• You play nice: because we all love coming to work and we want you to too


  • Experience in JS/HTML/CSS (mid-level, about 3 years)
  • Familiarity with PHP (we use Laravel) or a willingness to learn
  • Experience with Angular, React or other modern JS frameworks

Bonus points

  • You’re data driven, curious about what customers value and why they behave in certain ways
  • You’ve worked with the non-profit/charity/advocacy sector before

The details

  • Based in Darlinghurst, Sydney
  • Competitive salary package: we’ll normally pay a mix of cash salary and equity
  • You’ll report to the CEO (London), and work closely with our engineering and growth teams in Sydney, Melbourne and London


Why work for us

People come for the social mission, they stay for the team. We’re a fast-growing social enterprise, that’s backed by some amazing tech investors (Blackbird VC and Bevan Clark) but retains our social mission at our core. We even created our own legal structure over in Australia – the Social Benefit Company – to let us do that. We’ve worked in the social sector for years and changing how it raises money for the amazing work that it does is something that we deeply care about. We’re the place where you can do work that you care about and be part of a fast-moving company at the same time.

You can read more here:


How to apply

Send us an email to with your CV or any links you have to apps you’ve built, github repos, portfolios. We love getting applications that talk about what you’ve built and why you care.

Applications close when we find the right person.

Architects of Hope

Following the US Executive Order halting refugees and migrants at the end of January, I sent this email to the Team:


As you all would know, two weekends ago in the US, President Trump issued an executive order to halt all US refugee intake for 120 days, bar Syrian refugees from the US indefinitely and severely restrict travel to the US of citizens (including dual nationals) of seven majority-Muslim countries.

Upon hearing this order and reflecting on its effects, I spent much of that weekend buried under the weight of fear. It wasn’t just the act of turning our backs on people in their hour of need that triggered this, or the fact that green card permanent residents were no longer able to return home to their families, but the built in ideology that foreigners, and in particular Muslims, should be judged a threat until proven otherwise.

As a perpetual foreigner, that ideology terrifies me.

The fear that I felt in response to this policy pales in comparison to the fear felt by people fleeing for their lives. It is wrong to arbitrarily deny them the hope that a life in our countries brings, especially after years of vetting, waiting and despair. To then treat them as a threat is undeniably callous.


In the year I was born, race riots ravaged Sri Lanka. People of one race judged another to be a threat and burned them on the streets. That’s what happens when a Government implicitly or explicitly sanctions fear of a particular group.

In a more welcoming time, we were lucky to immigrate to Australia, which took pride in its multicultural identity. To be sure, it wasn’t perfect; it did debate each wave of migration but it didn’t define its national conversation around deciding who they let into the country and the circumstances in which they came.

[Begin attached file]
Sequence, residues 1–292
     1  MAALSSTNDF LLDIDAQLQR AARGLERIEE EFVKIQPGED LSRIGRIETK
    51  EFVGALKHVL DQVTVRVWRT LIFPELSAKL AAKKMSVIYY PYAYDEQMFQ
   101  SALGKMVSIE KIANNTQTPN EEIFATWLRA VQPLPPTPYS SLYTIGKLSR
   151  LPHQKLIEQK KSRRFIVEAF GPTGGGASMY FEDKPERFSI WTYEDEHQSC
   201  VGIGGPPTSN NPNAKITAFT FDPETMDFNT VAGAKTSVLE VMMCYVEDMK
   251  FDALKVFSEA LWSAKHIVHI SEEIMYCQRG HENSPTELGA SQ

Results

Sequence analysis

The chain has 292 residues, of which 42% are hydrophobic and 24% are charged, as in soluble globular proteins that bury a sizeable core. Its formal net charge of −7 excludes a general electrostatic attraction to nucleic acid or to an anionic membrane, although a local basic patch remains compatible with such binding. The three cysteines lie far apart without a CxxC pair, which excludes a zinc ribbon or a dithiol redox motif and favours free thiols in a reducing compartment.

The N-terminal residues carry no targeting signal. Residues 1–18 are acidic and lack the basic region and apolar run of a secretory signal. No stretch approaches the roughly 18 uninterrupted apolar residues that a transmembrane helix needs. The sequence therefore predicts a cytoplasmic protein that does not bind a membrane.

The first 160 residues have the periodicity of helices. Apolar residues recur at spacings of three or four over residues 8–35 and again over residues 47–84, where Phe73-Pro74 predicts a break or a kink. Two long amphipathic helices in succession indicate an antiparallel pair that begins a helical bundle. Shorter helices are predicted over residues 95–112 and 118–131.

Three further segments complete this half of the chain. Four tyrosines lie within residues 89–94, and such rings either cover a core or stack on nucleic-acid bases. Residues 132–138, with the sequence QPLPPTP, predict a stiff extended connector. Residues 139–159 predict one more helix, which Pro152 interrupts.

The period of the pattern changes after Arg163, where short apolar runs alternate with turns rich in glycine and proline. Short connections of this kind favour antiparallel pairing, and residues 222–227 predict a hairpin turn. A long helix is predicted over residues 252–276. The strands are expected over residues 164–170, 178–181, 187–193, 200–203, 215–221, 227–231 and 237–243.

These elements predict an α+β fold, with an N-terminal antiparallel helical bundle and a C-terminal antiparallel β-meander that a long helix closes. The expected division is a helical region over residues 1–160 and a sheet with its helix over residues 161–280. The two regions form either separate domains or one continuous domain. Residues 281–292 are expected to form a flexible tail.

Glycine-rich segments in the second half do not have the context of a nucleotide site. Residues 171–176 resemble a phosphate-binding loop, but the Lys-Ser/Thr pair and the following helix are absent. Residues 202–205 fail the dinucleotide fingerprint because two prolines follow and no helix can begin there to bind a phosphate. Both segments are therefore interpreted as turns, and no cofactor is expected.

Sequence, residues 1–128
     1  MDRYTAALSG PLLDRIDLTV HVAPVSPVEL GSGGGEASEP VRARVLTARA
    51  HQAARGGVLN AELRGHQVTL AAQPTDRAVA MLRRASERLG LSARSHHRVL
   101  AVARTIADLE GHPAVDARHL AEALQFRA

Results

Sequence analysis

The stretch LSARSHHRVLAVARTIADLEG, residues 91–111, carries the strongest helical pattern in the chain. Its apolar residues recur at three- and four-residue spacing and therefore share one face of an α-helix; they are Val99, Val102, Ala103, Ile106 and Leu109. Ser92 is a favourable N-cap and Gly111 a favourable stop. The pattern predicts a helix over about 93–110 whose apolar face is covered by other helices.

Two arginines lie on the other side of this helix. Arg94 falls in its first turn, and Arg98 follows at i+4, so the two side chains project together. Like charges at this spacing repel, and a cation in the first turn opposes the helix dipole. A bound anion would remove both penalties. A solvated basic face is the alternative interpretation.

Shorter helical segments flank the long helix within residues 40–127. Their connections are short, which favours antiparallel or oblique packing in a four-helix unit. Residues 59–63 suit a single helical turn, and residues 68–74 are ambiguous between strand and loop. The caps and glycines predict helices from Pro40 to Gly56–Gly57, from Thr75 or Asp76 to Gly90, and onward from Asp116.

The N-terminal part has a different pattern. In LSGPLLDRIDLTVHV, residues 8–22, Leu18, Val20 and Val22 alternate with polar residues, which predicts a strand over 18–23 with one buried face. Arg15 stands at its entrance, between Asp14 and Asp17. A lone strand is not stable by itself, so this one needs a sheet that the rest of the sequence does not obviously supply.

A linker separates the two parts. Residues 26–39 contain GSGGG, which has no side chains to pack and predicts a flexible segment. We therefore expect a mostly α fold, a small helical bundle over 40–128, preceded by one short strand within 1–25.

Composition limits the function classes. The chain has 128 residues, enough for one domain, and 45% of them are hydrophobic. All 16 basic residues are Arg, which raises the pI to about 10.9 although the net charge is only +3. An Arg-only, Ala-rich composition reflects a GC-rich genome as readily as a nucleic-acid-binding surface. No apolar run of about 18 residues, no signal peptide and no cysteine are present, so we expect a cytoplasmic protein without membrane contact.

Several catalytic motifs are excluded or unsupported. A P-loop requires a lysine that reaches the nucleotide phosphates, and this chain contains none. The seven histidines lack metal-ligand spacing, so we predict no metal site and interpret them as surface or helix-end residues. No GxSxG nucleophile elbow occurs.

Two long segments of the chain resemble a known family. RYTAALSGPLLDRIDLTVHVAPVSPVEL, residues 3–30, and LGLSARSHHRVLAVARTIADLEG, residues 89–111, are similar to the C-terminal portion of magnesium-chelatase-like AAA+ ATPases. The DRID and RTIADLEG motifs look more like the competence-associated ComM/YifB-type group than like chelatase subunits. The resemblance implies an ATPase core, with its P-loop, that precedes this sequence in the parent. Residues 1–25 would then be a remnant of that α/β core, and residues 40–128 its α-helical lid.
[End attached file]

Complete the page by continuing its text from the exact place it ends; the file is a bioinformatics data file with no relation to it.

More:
As an immigrant, that generosity that Australia showed – that idea that I was welcome and not a threat – created a sense of hope. Hope that I would be treated fairly. Hope that people cared about me. Hope that even though we didn’t know each other, we were on the same side. Hope as an immigrant is a powerful emotion. It’s the thing that gives you the ability to contribute, to integrate, to learn and to create. was born out of hope.

And immigrants.

The majority of the team live in a country that they weren’t born in. For those who were, everyone has at least one parent that wasn’t born in that country. We’re a team of immigrants, who work every day to make the countries we call home better for everyone.

As immigrants, we have to ask ourselves, how do we respond to what’s happening in the US – with hope or with fear?

It’s easy to let fear guide us. It is fear that guides our urge to shout at people who we disagree with. It is fear that guides our desire to flee to the comfort of our social media echo chamber. Fighting fear with fear is momentarily satisfying but that’s about it.

The only way to overcome fear in the long term is to consciously create a world of hope for everyone. Especially for our fellow citizens whom we don’t see eye-to-eye with. That’s why we need to build a community that supports and encourages people who bring hope to the world – particularly to those who need it the most.

The Anne Moon‘s who bring hope to refugees imprisoned on Manus Island and Nauru, the Phili and Rob’s who bring hope to the homeless freezing on London’s streets, and the Jeanna’s who bring hope to the women of Alaska so that their rights will be protected. These amazing people, and thousands more like them, are our architects of hope.

If we can design the world with their plans to guide us, we’ll create a fear-proof world,  one that can’t burn down.

Prashan Paramanathan, CEO